The global market for EScooter sharing is undergoing rapid changes. Not a day goes by without the announcement of another city opening its streets or cycle-paths for these electric vehicles so ideally suited for the transport of humans on the last mile. The latest news: US automotive giant Ford purchases Escooter Sharing company Spin.
I had the pleasure of using Bird Escooters in Tel Aviv last week. At the websummit in Lisbon in the past days I was using Lime Escooters in Portugal’s capital while avoiding massive queues in tubes and buses on my way between the fair and the inner city. Let me be frank: I am a big fan of these vehicles, in my recent posts on use cases of these Escooters you can read about my conviction that these mobility devices have the potential to help cities cope with the demands of human transport on the last mile. Escooters habe to be an integral part of a multimodal mobility strategy for each modern city.
It is a fact that people use multiple forms of transportation during a single trip. The fast-paced, often experimental mobility sector requires businesses to keep up with agile and adaptable customers.
Affordability, combined with ease of use and electrified power, means that scooters are a solution to tackle challenges such as traffic congestion, parking availability and pollution. This presents a significant opportunity as research shows nearly half of all trips made in the U.S. are 3 miles or less, according to “The Micro-Mobility Revolution,” a report by Populus.
Ford’s own solution: Jelly
That’s why earlier this year, Ford X, part of Ford Smart Mobility, LLC created a division that aims to quickly build, acquire and pilot new transportation products and services. This unit was responsible for a micro-mobility academic research project with Purdue University that launched the so-called Jelly scooters. “The research and development behind Jelly is enabling the Ford X team to better understand what’s required to succeed in the micro-mobility space”.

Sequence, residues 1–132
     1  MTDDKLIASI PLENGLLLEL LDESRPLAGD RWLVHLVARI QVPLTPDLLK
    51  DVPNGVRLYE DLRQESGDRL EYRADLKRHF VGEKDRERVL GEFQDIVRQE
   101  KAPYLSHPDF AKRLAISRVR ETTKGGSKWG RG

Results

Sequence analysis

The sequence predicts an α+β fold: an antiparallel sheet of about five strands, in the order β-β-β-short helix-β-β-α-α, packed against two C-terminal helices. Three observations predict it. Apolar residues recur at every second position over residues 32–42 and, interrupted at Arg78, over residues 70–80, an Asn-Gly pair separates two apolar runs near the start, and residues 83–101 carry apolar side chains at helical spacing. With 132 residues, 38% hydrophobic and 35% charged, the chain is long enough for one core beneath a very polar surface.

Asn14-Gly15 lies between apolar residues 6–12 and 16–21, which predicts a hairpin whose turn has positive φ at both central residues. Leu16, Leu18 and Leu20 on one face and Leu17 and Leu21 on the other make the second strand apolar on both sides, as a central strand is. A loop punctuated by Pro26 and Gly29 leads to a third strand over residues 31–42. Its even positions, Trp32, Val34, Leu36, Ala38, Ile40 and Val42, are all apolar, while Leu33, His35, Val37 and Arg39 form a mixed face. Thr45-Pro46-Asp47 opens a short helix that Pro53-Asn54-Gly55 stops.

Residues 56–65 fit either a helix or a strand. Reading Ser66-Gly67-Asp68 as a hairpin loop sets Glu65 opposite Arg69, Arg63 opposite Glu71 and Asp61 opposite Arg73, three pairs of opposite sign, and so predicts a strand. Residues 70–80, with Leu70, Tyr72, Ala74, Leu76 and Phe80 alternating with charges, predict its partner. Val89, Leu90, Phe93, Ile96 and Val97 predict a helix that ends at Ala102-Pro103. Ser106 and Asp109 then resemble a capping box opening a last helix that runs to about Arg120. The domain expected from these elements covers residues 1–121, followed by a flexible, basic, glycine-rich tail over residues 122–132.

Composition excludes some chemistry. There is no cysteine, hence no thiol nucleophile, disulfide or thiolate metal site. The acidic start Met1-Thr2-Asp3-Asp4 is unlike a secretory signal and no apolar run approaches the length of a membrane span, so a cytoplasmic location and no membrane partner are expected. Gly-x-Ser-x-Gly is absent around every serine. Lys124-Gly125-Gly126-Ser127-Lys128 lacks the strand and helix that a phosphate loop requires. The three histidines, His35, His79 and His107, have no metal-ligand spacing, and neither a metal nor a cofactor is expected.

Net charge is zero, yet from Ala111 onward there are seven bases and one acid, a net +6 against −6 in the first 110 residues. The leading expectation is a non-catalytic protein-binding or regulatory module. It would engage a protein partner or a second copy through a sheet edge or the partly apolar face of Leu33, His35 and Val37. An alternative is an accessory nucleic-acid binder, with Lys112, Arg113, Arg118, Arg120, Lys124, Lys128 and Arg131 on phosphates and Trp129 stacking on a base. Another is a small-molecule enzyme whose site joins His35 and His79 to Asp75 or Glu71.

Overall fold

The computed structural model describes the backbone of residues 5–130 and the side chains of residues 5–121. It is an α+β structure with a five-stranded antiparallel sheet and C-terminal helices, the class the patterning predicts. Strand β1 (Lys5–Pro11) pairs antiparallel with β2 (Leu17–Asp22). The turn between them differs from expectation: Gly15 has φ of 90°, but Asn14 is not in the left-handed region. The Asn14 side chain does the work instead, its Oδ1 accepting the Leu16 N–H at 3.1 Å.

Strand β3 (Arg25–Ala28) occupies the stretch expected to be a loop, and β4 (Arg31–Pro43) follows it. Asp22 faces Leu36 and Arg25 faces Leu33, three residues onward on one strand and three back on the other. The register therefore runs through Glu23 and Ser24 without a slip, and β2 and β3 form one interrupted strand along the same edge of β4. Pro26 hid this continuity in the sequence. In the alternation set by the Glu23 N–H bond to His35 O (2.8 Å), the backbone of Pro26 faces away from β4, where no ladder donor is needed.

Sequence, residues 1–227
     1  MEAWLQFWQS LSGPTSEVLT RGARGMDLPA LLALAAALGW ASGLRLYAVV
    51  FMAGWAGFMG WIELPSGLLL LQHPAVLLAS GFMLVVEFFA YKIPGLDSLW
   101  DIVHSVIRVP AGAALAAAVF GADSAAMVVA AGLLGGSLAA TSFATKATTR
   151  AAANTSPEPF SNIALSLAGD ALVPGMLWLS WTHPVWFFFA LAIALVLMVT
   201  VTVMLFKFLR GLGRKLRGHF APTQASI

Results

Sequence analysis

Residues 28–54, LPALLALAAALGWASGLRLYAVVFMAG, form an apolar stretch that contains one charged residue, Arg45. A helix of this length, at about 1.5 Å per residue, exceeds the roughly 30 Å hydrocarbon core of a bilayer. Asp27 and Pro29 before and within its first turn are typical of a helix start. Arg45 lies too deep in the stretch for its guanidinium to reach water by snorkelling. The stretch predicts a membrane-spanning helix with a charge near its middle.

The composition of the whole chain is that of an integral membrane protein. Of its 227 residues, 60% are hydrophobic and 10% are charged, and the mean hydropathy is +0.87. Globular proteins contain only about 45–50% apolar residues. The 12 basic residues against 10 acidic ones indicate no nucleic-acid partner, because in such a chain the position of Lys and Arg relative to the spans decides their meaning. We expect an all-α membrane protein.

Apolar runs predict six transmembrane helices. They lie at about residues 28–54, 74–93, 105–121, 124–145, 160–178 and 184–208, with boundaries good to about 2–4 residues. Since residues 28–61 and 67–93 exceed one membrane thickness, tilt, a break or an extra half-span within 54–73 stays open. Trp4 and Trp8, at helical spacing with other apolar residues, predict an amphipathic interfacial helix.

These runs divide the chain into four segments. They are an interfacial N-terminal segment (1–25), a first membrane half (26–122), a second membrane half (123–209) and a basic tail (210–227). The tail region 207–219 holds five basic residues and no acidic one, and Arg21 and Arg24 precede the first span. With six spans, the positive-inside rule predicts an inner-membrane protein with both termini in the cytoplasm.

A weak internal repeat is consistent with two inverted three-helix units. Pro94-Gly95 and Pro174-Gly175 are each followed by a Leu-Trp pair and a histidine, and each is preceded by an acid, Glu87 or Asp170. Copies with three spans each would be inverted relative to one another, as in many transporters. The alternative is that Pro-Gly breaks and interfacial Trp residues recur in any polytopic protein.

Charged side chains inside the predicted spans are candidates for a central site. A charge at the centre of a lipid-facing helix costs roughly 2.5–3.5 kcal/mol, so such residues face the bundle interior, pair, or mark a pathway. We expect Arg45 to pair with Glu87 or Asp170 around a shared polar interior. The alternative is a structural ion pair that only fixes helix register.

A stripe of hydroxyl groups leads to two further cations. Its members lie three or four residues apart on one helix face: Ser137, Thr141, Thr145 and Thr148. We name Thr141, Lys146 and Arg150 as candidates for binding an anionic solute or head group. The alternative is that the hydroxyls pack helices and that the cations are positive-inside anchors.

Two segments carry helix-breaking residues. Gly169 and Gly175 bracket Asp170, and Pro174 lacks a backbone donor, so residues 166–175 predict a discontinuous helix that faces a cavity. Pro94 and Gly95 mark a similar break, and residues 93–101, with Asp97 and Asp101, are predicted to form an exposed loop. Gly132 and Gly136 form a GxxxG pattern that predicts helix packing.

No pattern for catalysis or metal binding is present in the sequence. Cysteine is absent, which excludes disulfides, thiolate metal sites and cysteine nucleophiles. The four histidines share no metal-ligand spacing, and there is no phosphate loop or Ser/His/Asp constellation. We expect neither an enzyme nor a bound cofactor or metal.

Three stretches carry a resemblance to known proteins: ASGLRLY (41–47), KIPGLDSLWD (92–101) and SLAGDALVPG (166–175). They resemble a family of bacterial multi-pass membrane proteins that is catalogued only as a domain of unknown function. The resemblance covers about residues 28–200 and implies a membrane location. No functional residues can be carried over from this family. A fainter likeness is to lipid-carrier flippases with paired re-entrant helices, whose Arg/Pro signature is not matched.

But Jelly was not quick enough in capturing enough market share within the rapidly expanding Scooter scene. Hence Ford announced yesterday the acquisition of Spin, a dockless electric Escooter sharing company based in San Francisco in order to accelerate It’s own micro-mobility solutions.
Spin is a micro-mobility service provider with operations in 13 cities and campuses across the US. At first sight this sounds like a low achiever as most of the publicity in the past months went to Bird or Lime. However Spins approach for growth was a little different.
„Spin is committed to working hand-in-hand with cities and universities to implement micro-mobility solutions responsibly, safely and sustainably as they expand their operations.“
At first sight this sounds exactly like the approach the two global Escooter players announce to be growing. The two American sharing giants Bird and Lime have their own understanding of how to grow globally as they both are equipped with millions of Dollars to conquer the world of urban Centers.
When you look behind the scenes, Bird and Lime were not really politely asking for permission when it came to entering new markets. They followed the „move first, apologise later“ approach, that was so famously invented by UBER a few years back when growing their services into new cities around the globe.
Bird and Lime were not shy of moving into cities like San Francisco without asking municipalities for permissions. They risked some heavy law suites and fines from some cities while still capturing large parts of the US market. Such strategy proved worthwhile in the US but backfired in Europe. Here cities like Munich, London or Valencia required a more sensible approach as not only the lawsuits but also the risk of not being able to be considered at all would have loomed for the disrupters.
Spin claims to not have launched without permission and was even offering to share usage data with cities. The company was working with local officials and university campuses to design educational tools around parking and riding rules. An approach which works well with the values of an established corporate such as Ford.
What does the Spin acquisition really mean for Ford?
Well firstly this is effectively a small purchase for a global mobility player. The price tag of m sounds more like a fire sale by a player that might have realised that the game of global growth demands an almost unbelievable stream of cash. This is in particular true in the fight for market share in the US let alone in aiming to win clients in markets such as China, Korea or Japan.
However it could prove to be a valuable asset within the mobility portfolio of Ford aiming to provide a seamless transportation experience for the modern consumer. LastMile solutions are a novelty for most traditional OEMs and Spin therefore complements Ford’s mobility portfolio well.
It is certainly not a coincidence that Spin launched its service in the home of American automotive manufacturing Detroit exactly on the day of the announcement of the acquisition. If you value the deal as a hire-acquisition it totally makes sense for Ford. And the Spin team will contribute their value to a global automotive giant on its way to change to a mobility solution provider.